As I eye the advertisements for the film adaption of August Wilson’s Pulitzer and Tony Award-winning masterpiece Fences, starring—and directed by—Denzel Washington, I think back to a day in 1993 when I paced around a suite in the Waldorf Astoria chatting with George Foreman.
Foreman had arrived early for his appearance on The Dick Cavett Show. I was the producer of Cavett’s CNBC series, but—as Foreman’s lawyer explained when he introduced me to Big George—I’d also recently published a history of old-time boxing trainers.
“Which trainers?” Foreman asked suspiciously as his face took on the displeased expression he displayed when an opponent had the temerity to punch him in the face with a stiff left jab.
I mentioned Joe Louis’s trainers, Rocky Marciano’s trainer, and a few others, but Foreman’s mood darkened. My wife, making a rare appearance at a taping, stood in the corner snapping photos of me looking quite small and abashed beside the immense past- and future-heavyweight champion of the world.
“Archie Moore worked in your corner in the Ali fight, right?” I asked finally, breaking a weighty silence.
Moore was the former light-heavyweight champ, a fine fighter who’d fought over 200 professional fights.
“Yeah,” Foreman said.
“Did Archie ever tell you about Charley Burley?”
Burley, a boxer from the ’40s and ’50s—and a legend among boxing cognoscenti—was a natural middleweight who often fought and defeated much larger men, including the great Archie Moore.
“Well,” I said, “I think I’m the last person who ever interviewed Charley Burley. I wrote an article about him for Ring magazine. You were on the cover of that issue.”
With that, Foreman transformed from the moody George Foreman who grunted his answers to reporters before his fight with Ali into the amiable grill salesman and American icon.
“Let me shake your hand again,” Foreman told me. “Now I respect you.”
“Don’t tell me, tell my wife.”
“I respect your husband,” he told her with his big pitchman’s smile, and I suspected for more than a moment that my life might be downhill from there.
Which brings us to Fences.
Wilson’s play tells the story a former Negro Leagues baseball star who never was allowed to cross the “color line” and compete in Major League Baseball. Burley, it turns out, was an inspiration for Troy Maxson, the hero of the play.
I learned this while chatting with Julia, Burley’s wife of 50 years. The Burleys were staying in their daughter’s home in Pittsburgh’s Hill District, the neighborhood which is also the location for Wilson’s 10-play cycle about African-American life in the 20th century.
“You’re from New York,” Julia Burley said. “We go up there to see August’s plays.”
“August? August Wilson?”
“He grew up across the street.”
The parallels between Burley and Wilson’s hero were immediately apparent.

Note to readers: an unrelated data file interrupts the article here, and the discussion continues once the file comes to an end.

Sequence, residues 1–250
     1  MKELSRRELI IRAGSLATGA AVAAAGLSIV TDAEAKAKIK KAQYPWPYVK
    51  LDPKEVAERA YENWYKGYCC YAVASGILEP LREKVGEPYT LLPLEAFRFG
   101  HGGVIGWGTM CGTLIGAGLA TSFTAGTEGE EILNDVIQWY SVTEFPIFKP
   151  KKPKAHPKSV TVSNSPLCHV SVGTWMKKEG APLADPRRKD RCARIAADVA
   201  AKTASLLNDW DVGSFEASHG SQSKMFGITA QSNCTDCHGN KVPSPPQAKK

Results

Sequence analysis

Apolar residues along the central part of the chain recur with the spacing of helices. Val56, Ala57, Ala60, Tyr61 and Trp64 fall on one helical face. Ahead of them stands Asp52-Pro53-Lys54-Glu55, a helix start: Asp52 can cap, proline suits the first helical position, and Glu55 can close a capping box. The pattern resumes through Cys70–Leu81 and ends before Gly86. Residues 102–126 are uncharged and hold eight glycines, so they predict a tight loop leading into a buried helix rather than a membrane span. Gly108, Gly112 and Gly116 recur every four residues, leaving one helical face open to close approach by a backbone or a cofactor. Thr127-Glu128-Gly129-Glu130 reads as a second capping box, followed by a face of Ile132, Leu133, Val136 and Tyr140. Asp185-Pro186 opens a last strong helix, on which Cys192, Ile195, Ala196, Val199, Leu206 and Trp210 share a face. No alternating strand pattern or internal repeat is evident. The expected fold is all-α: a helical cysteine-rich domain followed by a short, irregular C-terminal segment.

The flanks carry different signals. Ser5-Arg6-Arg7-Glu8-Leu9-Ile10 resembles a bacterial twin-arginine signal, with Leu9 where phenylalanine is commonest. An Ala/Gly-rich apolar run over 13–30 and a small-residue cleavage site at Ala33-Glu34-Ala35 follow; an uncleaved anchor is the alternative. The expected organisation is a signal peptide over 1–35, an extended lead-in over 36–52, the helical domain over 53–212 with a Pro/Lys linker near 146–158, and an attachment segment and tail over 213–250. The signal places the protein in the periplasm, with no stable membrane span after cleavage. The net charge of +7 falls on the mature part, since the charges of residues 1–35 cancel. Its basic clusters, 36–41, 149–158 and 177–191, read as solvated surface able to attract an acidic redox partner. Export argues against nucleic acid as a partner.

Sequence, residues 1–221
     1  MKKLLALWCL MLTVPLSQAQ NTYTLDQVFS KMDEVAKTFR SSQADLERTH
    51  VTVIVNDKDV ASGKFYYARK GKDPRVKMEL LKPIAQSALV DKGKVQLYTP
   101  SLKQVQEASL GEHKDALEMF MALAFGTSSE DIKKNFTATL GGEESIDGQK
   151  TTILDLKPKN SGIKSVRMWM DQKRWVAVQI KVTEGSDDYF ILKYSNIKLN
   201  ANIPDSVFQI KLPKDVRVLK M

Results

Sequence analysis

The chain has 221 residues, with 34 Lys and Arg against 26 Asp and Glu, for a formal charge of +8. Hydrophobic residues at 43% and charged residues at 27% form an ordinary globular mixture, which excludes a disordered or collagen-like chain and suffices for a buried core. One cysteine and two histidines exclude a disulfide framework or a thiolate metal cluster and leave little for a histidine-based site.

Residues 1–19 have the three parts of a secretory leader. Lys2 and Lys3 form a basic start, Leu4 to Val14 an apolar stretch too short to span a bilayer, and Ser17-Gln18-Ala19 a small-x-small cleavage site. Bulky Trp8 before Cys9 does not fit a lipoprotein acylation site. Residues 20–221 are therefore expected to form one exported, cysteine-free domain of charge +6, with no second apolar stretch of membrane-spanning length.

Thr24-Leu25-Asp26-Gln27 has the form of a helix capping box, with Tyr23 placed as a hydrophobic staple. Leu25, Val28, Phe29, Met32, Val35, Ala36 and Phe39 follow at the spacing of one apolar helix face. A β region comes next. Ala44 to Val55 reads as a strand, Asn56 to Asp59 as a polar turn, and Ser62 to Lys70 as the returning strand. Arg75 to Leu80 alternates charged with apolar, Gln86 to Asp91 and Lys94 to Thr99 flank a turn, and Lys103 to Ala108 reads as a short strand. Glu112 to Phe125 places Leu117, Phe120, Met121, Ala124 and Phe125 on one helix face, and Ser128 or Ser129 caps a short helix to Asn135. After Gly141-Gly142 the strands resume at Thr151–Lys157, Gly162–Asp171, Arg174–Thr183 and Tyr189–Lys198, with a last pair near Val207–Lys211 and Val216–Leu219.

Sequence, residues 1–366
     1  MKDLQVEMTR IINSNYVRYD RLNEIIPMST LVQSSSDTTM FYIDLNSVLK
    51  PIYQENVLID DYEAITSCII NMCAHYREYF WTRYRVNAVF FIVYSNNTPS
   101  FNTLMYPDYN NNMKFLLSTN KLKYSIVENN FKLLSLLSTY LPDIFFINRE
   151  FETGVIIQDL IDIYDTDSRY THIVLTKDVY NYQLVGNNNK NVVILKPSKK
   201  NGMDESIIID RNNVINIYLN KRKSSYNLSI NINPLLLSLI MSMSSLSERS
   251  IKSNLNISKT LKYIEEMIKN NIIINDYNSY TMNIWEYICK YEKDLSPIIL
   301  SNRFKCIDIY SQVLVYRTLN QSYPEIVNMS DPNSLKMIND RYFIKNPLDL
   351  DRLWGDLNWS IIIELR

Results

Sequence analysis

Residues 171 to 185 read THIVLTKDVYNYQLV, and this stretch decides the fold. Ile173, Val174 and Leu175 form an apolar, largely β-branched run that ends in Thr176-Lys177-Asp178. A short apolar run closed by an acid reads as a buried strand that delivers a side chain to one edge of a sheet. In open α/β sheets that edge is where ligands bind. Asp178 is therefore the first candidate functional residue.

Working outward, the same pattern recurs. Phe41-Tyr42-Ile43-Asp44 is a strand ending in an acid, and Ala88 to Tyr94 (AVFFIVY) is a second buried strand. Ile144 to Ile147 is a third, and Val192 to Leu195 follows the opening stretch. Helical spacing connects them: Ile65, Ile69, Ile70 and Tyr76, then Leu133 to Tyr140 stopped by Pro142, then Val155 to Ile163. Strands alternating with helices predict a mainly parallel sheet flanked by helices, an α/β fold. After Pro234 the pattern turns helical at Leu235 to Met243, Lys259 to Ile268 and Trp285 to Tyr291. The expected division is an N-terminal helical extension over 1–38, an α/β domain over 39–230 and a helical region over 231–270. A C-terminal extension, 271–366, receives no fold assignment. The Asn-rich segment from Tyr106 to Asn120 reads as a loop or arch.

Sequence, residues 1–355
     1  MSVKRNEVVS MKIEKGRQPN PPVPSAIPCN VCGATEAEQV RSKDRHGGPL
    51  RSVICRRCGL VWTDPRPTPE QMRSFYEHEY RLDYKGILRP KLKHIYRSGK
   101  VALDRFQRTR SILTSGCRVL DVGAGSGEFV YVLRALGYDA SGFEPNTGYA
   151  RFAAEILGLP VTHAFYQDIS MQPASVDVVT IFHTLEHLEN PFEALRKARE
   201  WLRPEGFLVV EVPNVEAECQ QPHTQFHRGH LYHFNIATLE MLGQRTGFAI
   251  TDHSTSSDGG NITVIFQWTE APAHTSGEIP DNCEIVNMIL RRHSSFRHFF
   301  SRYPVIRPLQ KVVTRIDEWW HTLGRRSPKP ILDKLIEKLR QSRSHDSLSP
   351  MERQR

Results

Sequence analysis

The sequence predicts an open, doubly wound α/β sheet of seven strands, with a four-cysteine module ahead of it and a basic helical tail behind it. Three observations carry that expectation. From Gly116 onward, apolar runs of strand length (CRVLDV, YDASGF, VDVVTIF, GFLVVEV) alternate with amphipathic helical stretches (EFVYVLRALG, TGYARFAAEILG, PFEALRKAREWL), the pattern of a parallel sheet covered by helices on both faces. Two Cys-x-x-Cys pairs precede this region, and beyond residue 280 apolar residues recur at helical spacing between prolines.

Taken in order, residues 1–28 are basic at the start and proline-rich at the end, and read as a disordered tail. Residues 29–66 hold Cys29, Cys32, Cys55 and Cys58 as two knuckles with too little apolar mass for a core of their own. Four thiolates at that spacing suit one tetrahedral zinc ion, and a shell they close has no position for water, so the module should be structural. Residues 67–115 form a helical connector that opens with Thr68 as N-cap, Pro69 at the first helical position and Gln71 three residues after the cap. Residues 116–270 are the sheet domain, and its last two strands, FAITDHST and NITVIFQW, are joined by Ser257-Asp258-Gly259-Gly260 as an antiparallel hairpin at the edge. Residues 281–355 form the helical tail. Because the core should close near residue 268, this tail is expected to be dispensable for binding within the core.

Like Charley Burley, the fictional Troy Maxson was denied a shot at the big time and ended up earning his living as a sanitation worker in his native Pittsburgh. Wilson, however, added a layer of complexity to the story: In the play, Maxson served time in prison for a murder that occurred as a result of a robbery gone wrong.
Yet when I interviewed Wilson by phone for the Ring article, he confirmed that Burley was the inspiration for the play.
“I grew up without a father, and the male image that was in my life… was Charley Burley. And that’s what being a man meant to me, to be like him. I wanted to grow up and dress like him. He wore those Stetson hats and things of that sort, and I couldn’t wait until I got to be a man to be like Charley Burley.”
Though Burley was a garbage man, Wilson reported, “Everybody always called him Champ. And for a long while I was growing up, I thought he was the champion.”
Was Troy Maxson based on Burley?
“I suspect so, maybe unconsciously,” Wilson said. “Troy Maxson has the magnificent spirit that I saw in Charley Burley.”
Just as Troy Maxson never got a chance to play in the big leagues, Charley Burley was never granted a title fight. During my interview with Burley, he displayed a remarkable lack of bitterness about his fate as he recalled his victories over champions of his era.
“Archie Moore, I beat him in Hollywood,” Burley said. “Fritzie Zivic, I beat him twice and they wouldn’t give me a chance at the title.” Another champion who avoided Burley was Sugar Ray Robinson, arguably the greatest boxer who ever lived.
“Ray ducked me,” Burley once told the Village Voice. “But I can’t really say I blame him. There wasn’t no money in our fighting each other. All we’d have done is knock each other out... It’s just that they weren’t gonna give two black guys a chance like that in the same era, you know? God said to both of us, ‘Which one of you wants to be Sugar Ray?’ And I guess I didn’t raise my hand fast enough.”
It was this equanimity that most moved Wilson when discussing Burley.
“I think lesser people with less force of character would have allowed that kind of thing to eat at them until they destroyed themselves and ended up a bum on the street all because of this raw deal that they got and be consumed by their bitterness,” Wilson told me. “Charley wasn’t like that. He just took it as it came along. In fact, he felt that he was blessed.”